Degree Outcomes.

Transformation. NewCareer. Better Job.

No doubt - education offers new opportunities. Yet these terms rarely explain how a prospect views the way in which a degree helps them. Choosing one program over another comes down to a focus on either the curriculum, the institution, or both. To improve marketing we should look at the strength and reputation of the curriculum separate from the institution in order to better understand the various ways in which a program can help a graduate.


If we think in terms of 'general' to 'specfic' for both curriculum and institution, then there are four segments of prospective students based on their expectations:

Platform of Stones

Platform. Stepping Stone.

Minimum requirements. Many times a degree serves as a platform for entry into the job market or advancement within a career. It is possible that the graduate is simply saying: "Yes, I have a degree."

What one learns and where they learn it may take a back seat to convenience, flexibility and doing it on their own terms. This thinking applies to all levels of education, e.g. careers in nursing, education, and social work often require a Master's degree to advance.


Position: general institution, general curriculum.

Content Focus: emotional drivers of educational benefits.




Badge. Short List.

Credentials. When students have a clear career objective they search for the options that provide the specific skills necessary to succeed. Their objective is to use these credentials to differentiate themselves on a hiring manager's desk. When asked they will tell you "I want to be a (insert job title) who does (insert task or function.)"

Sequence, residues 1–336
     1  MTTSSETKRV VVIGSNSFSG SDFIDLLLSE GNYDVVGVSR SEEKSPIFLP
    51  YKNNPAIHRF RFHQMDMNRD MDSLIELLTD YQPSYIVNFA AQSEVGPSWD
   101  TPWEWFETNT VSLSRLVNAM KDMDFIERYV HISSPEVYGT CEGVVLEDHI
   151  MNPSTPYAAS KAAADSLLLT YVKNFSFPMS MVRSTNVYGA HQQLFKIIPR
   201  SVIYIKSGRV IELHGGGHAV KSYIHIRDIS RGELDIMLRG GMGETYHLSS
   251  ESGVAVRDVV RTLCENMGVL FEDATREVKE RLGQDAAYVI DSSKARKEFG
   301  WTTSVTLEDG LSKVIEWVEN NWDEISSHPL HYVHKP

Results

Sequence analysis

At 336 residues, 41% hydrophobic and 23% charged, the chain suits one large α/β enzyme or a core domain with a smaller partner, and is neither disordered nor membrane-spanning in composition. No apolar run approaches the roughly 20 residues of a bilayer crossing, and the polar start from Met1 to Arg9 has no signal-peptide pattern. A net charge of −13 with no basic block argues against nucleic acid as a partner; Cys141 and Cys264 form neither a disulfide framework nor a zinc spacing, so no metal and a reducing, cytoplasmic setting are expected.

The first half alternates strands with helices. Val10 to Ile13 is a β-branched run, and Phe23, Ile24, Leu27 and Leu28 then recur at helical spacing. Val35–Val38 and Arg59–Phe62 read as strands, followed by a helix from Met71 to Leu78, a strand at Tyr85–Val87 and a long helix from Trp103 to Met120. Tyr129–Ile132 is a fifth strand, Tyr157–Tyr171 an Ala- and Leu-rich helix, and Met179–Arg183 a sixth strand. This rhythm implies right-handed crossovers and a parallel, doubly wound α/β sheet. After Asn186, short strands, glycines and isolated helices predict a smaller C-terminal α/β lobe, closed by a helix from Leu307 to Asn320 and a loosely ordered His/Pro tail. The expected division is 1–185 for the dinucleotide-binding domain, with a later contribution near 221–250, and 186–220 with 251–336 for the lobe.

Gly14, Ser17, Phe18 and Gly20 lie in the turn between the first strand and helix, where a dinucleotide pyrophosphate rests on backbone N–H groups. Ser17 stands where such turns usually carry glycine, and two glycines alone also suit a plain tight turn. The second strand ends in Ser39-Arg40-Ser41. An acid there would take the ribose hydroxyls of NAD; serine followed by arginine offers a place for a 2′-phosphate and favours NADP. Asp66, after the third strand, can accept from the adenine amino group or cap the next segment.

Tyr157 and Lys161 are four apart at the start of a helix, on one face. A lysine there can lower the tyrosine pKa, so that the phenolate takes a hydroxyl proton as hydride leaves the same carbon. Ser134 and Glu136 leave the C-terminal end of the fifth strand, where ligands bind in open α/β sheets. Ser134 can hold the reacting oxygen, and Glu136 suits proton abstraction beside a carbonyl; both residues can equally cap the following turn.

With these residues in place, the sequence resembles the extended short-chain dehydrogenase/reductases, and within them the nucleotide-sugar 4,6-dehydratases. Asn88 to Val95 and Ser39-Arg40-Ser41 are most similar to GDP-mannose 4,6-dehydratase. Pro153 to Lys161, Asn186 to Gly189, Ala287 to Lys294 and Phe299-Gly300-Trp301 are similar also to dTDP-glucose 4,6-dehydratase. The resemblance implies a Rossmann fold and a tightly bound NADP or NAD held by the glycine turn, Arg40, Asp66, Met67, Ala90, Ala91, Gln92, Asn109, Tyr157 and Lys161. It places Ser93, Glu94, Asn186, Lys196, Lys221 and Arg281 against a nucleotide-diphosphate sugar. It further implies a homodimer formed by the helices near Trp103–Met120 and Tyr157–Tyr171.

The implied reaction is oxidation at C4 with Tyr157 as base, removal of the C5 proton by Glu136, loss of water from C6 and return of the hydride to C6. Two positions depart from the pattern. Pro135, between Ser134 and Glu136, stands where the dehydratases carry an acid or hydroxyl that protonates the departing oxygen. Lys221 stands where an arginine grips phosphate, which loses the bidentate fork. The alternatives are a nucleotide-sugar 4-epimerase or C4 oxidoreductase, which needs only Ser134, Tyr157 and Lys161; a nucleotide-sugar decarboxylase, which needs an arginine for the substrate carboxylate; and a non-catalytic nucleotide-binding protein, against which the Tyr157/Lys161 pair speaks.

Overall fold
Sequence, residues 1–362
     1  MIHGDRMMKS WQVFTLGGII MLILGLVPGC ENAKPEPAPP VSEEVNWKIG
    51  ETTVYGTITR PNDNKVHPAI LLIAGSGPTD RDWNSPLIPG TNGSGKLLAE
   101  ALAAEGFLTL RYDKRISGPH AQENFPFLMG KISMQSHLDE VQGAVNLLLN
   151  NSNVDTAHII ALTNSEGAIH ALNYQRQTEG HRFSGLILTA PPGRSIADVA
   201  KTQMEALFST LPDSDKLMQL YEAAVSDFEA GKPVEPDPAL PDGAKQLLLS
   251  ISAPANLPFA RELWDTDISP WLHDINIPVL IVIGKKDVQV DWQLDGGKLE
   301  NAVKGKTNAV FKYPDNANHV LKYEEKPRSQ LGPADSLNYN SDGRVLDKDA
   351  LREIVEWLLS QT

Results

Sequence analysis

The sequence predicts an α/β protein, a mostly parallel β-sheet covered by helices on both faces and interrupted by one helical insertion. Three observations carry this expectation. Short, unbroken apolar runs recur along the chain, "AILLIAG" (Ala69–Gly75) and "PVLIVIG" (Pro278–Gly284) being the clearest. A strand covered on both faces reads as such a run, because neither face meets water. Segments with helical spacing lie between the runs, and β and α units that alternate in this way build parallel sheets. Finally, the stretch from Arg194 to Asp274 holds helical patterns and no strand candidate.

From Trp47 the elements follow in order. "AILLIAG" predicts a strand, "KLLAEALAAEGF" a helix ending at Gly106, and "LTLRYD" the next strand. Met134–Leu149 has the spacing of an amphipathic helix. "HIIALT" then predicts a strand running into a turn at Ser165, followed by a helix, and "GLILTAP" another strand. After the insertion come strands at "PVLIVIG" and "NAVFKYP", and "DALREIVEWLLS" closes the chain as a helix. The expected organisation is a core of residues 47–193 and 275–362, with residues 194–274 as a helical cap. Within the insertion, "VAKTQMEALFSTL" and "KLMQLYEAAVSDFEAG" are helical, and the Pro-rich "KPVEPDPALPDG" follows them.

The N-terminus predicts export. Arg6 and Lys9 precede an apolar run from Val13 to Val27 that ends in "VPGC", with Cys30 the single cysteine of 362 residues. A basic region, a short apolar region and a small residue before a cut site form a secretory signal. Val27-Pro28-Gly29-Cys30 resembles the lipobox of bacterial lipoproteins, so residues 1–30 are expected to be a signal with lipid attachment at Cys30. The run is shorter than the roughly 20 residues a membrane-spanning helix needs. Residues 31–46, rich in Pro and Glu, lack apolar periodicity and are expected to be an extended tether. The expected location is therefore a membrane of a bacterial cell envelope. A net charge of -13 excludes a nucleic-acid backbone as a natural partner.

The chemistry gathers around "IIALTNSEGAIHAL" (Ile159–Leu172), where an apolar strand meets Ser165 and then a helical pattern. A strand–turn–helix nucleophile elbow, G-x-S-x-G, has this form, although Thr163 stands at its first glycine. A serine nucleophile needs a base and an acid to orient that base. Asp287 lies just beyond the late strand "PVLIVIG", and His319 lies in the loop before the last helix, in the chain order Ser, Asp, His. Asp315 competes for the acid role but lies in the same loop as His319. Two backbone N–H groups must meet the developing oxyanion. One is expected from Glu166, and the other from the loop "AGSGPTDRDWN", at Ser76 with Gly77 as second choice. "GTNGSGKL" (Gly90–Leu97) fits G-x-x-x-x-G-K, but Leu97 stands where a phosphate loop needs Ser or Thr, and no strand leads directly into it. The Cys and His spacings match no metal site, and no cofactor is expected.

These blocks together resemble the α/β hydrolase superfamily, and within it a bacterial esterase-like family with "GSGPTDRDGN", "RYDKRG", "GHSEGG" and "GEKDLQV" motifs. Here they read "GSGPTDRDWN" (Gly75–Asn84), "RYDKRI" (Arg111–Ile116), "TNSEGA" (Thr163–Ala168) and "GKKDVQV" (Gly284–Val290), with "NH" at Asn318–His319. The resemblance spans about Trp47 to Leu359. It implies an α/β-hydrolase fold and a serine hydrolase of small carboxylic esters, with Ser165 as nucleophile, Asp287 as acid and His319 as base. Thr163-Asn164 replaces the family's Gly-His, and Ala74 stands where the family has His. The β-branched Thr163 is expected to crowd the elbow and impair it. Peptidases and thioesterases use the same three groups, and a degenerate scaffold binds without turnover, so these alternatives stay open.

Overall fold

Graduates use what they learn in a program to get the best possible placement. Thus, they choose first on curriculum, then on institution.


Position: general institution, specific curriculum


Content Focus: capabilities, skills and specific careers.



Open Door

Access. Open Doors.

Connections. Getting an education results in a network - classmates, alumni and companies. For a segment of prospects this is the primary reason for choosing a school. They see the network in terms of personal relationships or access to targeted recruiting by the 'best' companies. If one wants to work at a specific company then finding the schools where they recruit becomes part of the evaluation process.

When the objective is access, students choose the best possible option for placement.


Position: specific institution, general curriculum

Content Focus: broad networking opportunities.




Keys. Laser Focus.

Singularity. When prospects seek the best possible place for a specific program they want both the skills and the network. In this scenario the brand is the combination of what you study and where you study. The professional designation of being a CIA-trained chef speaks volumes.


They are thinking: "What I learn must come from the place to learn it."


Position: specific institution, specific curriculum


Content Focus: specific placement success stories.




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